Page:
CNN’s Brian Stelter Takes Heat for Doubling Down on Defense of ‘Hoaxster’ Jussie Smollett

March 27, 2019 Updated: March 27, 2019

CNN chief media correspondent Brian Stelter is taking fire on social media—including flak from his own station colleagues—for appearing to defend disgraced hoax hate crime accuser Jussie Smollett.

In light of recent developments that saw felony charges dropped for Smollett in spite of seemingly overwhelming evidence he staged the so-called attack, Stelter suggested the narrative had again shifted in the “Empire” actor’s favor.

Stelter tweeted that Smollett was truly a “victim” and that “we may never know” what happened to him the night of the alleged attack, when Smollett claimed he was jumped by assailants later unmasked as paid actors.

“The narrative has once again changed from victim, you know, to villain back to victim. It’s been very confusing,” Stelter said on the air Tuesday. “People don’t know what to believe and we may never really know what happened on the street that night in Chicago.”

Among those critical of Stelter was CNN political commentator Steve Cortes.

“Brian, unless you believe the Chicago Police created an insanely complex hoax themselves, we know precisely what happened that night. Please don’t disrespect the cops’ diligent work,” Cortes told Stelter.

The Washington Examiner’s political commentary writer Tiana Lowe also publicly challenged Stelter, writing on Twitter: “‘We may never really know what happened’ about a hoax documented with checks and videos is about five inches removed from ‘Oceania had always been at war with Eastasia’ territory.”

The “Reliable Sources” anchor doubled down on his remarks in response to Lowe’s tweet, insisting that because there “isn’t any video,” no one can truly know “what really happened.”

Brian Stelter at an event
Correspondent Brian Stelter attends an event at the American Museum of Natural History in New York City on Dec. 11, 2016. (Mike Coppola/Getty Images for CNN)

Hoax ‘Attack’

Smollett originally claimed he was attacked in the middle of the night in downtown Chicago in January by two men in ski masks.

The brothers told detectives that Smollett paid them to fake a hate crime, even rehearsing the attack several days before it allegedly happened and telling one to yell: “This is MAGA country” while the other was to “attack him, but not hurt him too badly.”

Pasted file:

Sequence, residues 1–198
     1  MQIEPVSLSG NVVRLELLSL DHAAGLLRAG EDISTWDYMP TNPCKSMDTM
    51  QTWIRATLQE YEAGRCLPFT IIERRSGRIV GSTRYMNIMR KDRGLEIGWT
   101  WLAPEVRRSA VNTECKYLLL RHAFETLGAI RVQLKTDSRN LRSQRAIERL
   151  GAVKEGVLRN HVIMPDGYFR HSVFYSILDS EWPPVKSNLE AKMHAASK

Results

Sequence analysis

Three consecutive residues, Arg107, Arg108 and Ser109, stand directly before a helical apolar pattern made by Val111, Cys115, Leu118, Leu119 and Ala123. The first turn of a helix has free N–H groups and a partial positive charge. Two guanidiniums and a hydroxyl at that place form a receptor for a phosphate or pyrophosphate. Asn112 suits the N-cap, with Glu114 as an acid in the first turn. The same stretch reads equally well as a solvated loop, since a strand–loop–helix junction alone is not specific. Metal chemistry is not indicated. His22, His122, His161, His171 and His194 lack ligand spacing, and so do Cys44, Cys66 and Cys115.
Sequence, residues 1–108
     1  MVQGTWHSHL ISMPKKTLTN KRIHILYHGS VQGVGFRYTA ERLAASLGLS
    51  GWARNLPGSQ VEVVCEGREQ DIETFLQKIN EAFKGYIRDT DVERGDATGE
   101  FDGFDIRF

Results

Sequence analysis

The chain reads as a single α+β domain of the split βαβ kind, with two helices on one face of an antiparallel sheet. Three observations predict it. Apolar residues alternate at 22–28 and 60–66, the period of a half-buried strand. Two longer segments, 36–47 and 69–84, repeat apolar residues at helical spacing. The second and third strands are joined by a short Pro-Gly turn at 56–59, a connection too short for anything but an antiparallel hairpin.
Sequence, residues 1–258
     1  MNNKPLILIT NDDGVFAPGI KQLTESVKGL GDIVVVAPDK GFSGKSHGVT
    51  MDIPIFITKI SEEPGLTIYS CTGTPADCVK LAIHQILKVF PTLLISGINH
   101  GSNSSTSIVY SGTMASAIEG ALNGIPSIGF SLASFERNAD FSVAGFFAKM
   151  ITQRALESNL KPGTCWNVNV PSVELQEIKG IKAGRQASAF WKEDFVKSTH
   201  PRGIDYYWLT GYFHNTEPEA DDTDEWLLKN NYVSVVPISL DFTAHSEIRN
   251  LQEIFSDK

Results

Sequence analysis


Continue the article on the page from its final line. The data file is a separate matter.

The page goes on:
Chicago police later said that Smollett had orchestrated the attack himself, with two Nigerian-American brothers, Abel and Ola Osundairo, carrying out the “attack.”

“This stunt was orchestrated by Smollett because he was dissatisfied with his salary,” Chicago Superintendent Eddie Johnson said on Feb. 21.

Actor Jussie Smollett
Actor Jussie Smollett leaves the Leighton Criminal Courthouse in Chicago on March 26, 2019, after prosecutors dropped all charges against him. (Ashlee Rezin/Sun-Times/Chicago Sun-Times via AP)

The Osundairos were seen on surveillance footage buying items used in the alleged hate crime hoax, including red hats meant to look like the “Make America Great Again” hats worn by some Trump supporters.

Smollett was facing 16 felony counts for allegedly orchestrating his own hate crime, but the Cook County State’s Attorney’s Office in Illinois dropped all the charges despite admitting Smollett was not being exonerated.

This image provided by the Chicago Police Department and taken from surveillance video shows two people of interest in an attack on “Empire” actor Jussie Smollett walking along a street in the Streeterville neighborhood of Chicago, on Jan. 29, 2019. The pair was later identified as Abel and Ola Osundairo. (Courtesy of Chicago Police Department via AP)

The attorney representing the Osundairo brothers issued a statement on March 26 after prosecutors dropped the 16 felony counts against the actor.

“The Osundairo brothers were fully prepared to testify in any criminal proceedings in the Jussie Smollett case,” attorney Gloria Schmidt said in a statement.

‘Whitewash of Justice’

Chicago Mayor Rahm Emanuel expressed his frustration at the dropped charges during a press conference Tuesday.

“Because of the judge’s decision, none of that evidence will never be made public. None of it,” he said, according to CNN. “This is, without a doubt, a whitewash of justice and sends a clear message that if you’re in a position of influence and power, you’ll get treated one way. Other people will be treated another way. There is no accountability then, in the system. It is wrong—full stop.”

Chicago Police Department superintendent Eddie Johnson was said to be “furious” at the recent development.

“I only hope that the truth about what happened receives the same amount of attention that the hoax did,” Johnson said earlier, according to CBS. “I’ll continue to pray for this troubled young man who resorted to both drastic and illegal tactics to gain attention.”

Follow Tom on Twitter: @OZImekTOM
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